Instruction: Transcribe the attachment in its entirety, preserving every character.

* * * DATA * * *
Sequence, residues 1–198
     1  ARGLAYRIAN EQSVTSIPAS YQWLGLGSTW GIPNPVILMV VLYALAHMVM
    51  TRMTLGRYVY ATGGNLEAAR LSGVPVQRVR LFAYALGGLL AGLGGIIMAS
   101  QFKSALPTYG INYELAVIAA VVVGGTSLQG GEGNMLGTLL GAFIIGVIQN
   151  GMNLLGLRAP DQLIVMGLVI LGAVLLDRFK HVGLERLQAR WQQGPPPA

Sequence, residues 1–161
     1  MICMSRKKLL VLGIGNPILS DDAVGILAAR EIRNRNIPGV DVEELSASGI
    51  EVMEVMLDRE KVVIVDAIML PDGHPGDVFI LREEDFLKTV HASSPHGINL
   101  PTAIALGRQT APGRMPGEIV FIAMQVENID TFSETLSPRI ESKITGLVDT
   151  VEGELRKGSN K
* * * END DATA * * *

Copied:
Sequence, residues 1–198
     1  ARGLAYRIAN EQSVTSIPAS YQWLGLGSTW GIPNPVILMV VLYALAHMVM
    51  TRMTLGRYVY ATGGNLEAAR LSGVPVQRVR LFAYALGGLL AGLGGIIMAS
   101  QFKSALPTYG INYELAVIAA VVVGGTSLQG GEGNMLGTLL GAFIIGVIQN
   151  GMNLLGLRAP DQLIVMGLVI LGAVLLDRFK HVGLERLQAR WQQGPPPA

Sequence, residues 1–161
     1  MICMSRKKLL VLGIGNPILS DDAVGILAAR EIRNRNIPGV DVEELSASGI
    51  EVMEVMLDRE KVVIVDAIML PDGHPGDVFI LREEDFLKTV HASSPHGINL
   101  PTAIALGRQT APGRMPGEIV FIAMQVENID TFSETLSPRI ESKITGLVDT
   151  VEGELRKGSN K